Black Renaissance: 20 Game Changers Under 30

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abs list ruttoWho: Lorna Rutto, 28
After graduating in commerce and accounting, Lorna Rutto took the safe and secure route and found a job in banking.  Three years in, Rutto realized her passion for the environment could not be ignored. A need to solve the growing plastic waste concern in her country, Kenya, caused Rutto to resign from her comfortable banking job in 2009 to start EcoPost, a small plastic recycling business.

According to smallstarter.com:

“EcoPost uses plastic waste collected from dumpsites and garbage cans across Nairobi to manufacture fencing posts. These posts, which are used to fence houses and forest reserves, are becoming a preferred alternative to timber. So far, her innovative business has created over 7,000 fencing posts, 500 new jobs, generated more than $ 150,000 in yearly revenues, saved over 250 acres of forests and removed more than 1,000 tons of plastic waste from the environment.”

ABS list 3Who: Mohamed Ali Niang, 24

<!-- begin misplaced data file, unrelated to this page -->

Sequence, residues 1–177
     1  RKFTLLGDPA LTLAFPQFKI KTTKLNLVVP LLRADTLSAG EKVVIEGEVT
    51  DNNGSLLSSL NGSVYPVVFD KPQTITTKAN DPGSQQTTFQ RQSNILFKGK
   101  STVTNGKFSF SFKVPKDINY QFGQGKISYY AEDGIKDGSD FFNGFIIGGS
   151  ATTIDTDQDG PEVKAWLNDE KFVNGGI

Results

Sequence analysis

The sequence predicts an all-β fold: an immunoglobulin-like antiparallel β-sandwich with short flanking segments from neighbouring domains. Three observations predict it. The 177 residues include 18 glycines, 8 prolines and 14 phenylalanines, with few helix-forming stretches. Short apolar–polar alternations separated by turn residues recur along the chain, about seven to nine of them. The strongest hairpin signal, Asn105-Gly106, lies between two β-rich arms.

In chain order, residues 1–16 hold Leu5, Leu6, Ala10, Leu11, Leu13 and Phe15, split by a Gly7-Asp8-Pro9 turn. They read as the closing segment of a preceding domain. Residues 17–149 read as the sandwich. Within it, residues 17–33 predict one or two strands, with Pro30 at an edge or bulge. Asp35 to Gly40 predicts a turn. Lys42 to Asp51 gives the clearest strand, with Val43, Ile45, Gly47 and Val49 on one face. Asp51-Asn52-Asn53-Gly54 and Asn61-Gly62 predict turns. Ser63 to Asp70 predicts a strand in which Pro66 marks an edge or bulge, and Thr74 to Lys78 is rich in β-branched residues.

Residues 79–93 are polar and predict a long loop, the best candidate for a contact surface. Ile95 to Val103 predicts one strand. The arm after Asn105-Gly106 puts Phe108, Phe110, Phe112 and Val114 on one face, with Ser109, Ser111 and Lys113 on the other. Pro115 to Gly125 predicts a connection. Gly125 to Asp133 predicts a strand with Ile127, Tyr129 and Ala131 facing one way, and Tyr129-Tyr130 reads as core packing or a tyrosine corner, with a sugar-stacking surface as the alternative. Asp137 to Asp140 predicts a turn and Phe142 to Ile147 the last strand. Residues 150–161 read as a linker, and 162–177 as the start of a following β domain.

After graduating from Temple University with a bachelor’s of business administration in international business entrepreneurship with a minor concentration in economics, Niang returned to his home country, Mali, to make a difference. Along with his brothers, Salif Romano Niang and Mamadou Niang, the trio founded Malô in 2010 to fight extreme poverty and malnutrition in Mali by encouraging farmers to fortify rice with vital minerals and vitamins and to connect them with production, processing and markets.

According to reports, 81 percent of children under five years old are anemic in Mali, and half of their deaths are attributable to malnutrition. Malo, which means rice in Bambara, one of West Africa’s popular languages, also built a cutting-edge processing rice mill in Ségou—in the heart of one of Africa’s biggest rice growing regions–that provides fortified rice at a cheaper price than non-fortified rice.

The brothers also founded Tambaroua Business Farming, which “specializes in precision farming, combining solar-powered energy, drip-by-drip irrigation, and net house technologies to establish an eco-friendly and high yielding farm. TBF produces vegetables, fruits, and breeds livestock.”

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